Silvana Scarfe: Adopting embryos sounds noble – but is it really?

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A human embryo in its 4-cell stage.

Something is amiss when it comes to the ethics of embryo adoption and it has nothing to do with saving the lives of frozen embryos.

In the 6 October issue of The Catholic Weekly Fr John Flader’s weekly column answered a question about the ethical permissibility of an infertile couple (or any couple, for that matter) “adopting” a frozen embryo.

I recommend reading his article, as it includes some great quotes from Dignitas personae (2008), the Instruction on Certain Bioethical Questions given by the Congregation for the Doctrine of the Faith.

However I do have a concern regarding Fr Flader’s assent to embryo adoption, particularly as I believe the reasons he provides do not adequately address the complex reality a couple will find themselves facing when considering this option – especially the threat it poses to the Catholic understanding of the nature of marriage.

In dealing with the issue of what to do with the large number of frozen embryos already in existence, Dignitas personae points to the Church’s moral objection to using embryos for research or medical treatment purposes.

Verona Blumenauer, director of the Kinderwunschzentrum Leipzig Laboratory in Germany, inspects the microinjection of sperm into an egg cell using a microscope at the in vitro fertilization clinic in 2011. Photo: CNS photo/EPA
Verona Blumenauer, director of the Kinderwunschzentrum Leipzig Laboratory in Germany, inspects the microinjection of sperm into an egg cell using a microscope at the in vitro fertilization clinic in 2011. Photo: CNS photo/EPA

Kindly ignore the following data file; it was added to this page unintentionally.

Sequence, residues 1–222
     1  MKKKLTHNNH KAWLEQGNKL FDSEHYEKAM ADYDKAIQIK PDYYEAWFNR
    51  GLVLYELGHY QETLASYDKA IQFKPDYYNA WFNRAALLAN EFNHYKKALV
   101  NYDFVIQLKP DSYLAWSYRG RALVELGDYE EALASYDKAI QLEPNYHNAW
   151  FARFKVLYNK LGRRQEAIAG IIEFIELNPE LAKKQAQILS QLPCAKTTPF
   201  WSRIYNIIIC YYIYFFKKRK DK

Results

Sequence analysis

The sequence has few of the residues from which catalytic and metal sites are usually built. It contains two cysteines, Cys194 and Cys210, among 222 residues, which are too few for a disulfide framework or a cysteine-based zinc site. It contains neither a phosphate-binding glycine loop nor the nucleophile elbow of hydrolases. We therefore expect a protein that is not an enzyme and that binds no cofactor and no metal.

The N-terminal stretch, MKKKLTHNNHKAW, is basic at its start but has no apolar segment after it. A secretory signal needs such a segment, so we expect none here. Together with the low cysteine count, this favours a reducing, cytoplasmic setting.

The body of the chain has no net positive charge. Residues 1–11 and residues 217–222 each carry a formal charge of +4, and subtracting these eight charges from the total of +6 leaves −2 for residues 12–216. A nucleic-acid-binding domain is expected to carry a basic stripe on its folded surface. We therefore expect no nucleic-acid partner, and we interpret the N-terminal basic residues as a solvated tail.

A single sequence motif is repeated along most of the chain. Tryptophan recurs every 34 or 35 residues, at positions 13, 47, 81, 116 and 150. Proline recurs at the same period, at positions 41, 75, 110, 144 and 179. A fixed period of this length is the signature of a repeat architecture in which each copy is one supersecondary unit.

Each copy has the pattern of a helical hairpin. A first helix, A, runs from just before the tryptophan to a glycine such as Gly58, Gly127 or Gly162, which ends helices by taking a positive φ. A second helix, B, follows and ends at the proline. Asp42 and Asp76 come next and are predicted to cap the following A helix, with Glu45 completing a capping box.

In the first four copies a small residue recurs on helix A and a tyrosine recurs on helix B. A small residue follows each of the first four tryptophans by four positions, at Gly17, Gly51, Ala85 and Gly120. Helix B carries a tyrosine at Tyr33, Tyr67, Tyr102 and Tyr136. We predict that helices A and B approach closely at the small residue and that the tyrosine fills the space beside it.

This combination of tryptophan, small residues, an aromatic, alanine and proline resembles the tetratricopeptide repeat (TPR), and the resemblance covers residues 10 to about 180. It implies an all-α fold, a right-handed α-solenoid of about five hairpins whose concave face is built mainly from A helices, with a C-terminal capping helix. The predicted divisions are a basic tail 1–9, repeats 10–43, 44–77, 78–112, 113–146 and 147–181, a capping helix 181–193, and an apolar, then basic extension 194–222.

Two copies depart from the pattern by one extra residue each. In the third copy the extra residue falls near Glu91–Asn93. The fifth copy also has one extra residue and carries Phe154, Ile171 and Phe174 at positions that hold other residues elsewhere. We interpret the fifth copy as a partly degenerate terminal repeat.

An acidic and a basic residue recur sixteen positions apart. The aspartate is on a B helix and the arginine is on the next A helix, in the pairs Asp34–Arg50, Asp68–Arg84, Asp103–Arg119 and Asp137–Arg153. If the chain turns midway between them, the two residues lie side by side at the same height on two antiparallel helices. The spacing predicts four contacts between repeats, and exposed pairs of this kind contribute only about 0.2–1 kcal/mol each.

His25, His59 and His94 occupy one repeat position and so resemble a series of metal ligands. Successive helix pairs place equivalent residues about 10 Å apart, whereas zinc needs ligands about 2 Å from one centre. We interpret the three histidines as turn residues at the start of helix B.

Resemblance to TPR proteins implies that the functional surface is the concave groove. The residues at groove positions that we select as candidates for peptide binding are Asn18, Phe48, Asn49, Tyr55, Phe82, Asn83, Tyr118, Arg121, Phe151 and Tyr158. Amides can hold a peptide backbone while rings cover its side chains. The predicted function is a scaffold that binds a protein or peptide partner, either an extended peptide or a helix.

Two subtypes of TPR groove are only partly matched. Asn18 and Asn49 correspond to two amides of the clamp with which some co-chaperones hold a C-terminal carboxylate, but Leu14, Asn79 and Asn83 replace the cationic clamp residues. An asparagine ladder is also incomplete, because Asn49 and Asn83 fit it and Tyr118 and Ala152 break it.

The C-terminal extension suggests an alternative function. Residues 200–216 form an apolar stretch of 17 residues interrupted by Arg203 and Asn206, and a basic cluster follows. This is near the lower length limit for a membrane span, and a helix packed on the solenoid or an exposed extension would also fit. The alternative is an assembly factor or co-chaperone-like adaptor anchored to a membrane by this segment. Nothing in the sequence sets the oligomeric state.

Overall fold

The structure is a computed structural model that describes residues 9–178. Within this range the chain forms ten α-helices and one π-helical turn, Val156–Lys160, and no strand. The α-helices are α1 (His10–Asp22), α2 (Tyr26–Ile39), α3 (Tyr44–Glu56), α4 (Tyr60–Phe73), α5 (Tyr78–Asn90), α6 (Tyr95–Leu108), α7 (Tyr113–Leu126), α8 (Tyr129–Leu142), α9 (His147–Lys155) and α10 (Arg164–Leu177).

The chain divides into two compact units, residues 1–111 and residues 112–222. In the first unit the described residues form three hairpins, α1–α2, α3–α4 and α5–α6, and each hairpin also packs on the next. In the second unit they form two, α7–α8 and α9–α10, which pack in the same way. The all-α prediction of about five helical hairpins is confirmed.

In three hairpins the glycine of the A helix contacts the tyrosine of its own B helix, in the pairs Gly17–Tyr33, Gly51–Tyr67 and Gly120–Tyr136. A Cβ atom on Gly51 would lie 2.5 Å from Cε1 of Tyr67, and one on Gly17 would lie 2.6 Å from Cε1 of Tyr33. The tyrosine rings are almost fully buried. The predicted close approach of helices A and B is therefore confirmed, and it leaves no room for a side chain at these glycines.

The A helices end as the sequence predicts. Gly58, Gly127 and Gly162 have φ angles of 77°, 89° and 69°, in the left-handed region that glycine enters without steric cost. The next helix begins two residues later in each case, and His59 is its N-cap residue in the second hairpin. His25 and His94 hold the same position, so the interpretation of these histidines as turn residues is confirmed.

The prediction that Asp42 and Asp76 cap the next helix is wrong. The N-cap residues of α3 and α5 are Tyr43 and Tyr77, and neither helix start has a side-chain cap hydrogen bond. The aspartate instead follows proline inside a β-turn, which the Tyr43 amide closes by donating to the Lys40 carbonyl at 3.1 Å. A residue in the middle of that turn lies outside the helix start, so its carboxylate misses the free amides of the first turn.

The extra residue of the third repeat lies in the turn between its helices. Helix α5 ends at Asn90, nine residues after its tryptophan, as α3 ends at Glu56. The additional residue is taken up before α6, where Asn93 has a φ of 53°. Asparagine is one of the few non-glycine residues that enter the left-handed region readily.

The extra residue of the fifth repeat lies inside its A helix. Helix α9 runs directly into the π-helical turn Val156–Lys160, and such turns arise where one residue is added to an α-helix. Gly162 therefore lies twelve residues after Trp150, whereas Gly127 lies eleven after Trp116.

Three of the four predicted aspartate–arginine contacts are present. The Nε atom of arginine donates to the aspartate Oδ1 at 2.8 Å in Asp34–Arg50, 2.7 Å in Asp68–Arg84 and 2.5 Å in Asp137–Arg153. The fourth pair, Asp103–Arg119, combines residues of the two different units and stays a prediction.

The document then proceeds to very clearly state that to use embryo adoption as a “treatment for infertility is not ethically acceptable for the same reasons which make artificial heterologous procreation illicit as well as any form of surrogate motherhood.” (DP, 19) (Heterologous artificial procreation is the technique used to obtain a human conception artificially by the use of gametes coming from at least one donor other than the spouses who are joined in marriage).

The document goes on: “It has also been proposed, solely in order to allow human beings to be born who are otherwise condemned to destruction, that there could be a form of “prenatal adoption”. This proposal, praiseworthy with regard to the intention of respecting and defending human life, presents however various problems not dissimilar to those mentioned above.” (DP, 19)

In light of the ambiguity that may be attributed to these statements, and that as yet there is no official Church teaching specifically addressing embryo adoption, I think it’s important to look at what the Church teaches on similar matters, and apply them in context to the present issue at hand. The Church, as our Mother, always asks us to consider Her teachings together, and never in isolation.

The Church’s teaching on marriage and human procreation affirms the “inseparable connection, willed by God and unable to be broken by man on his own initiative, between the two meanings of the conjugal act: the unitive meaning and the procreative meaning. Indeed, by its intimate structure, the conjugal act, while most closely uniting husband and wife, capacitates them for the generation of new lives, according to laws inscribed in the very being of man and of woman.”(Humanae Vitae, 12)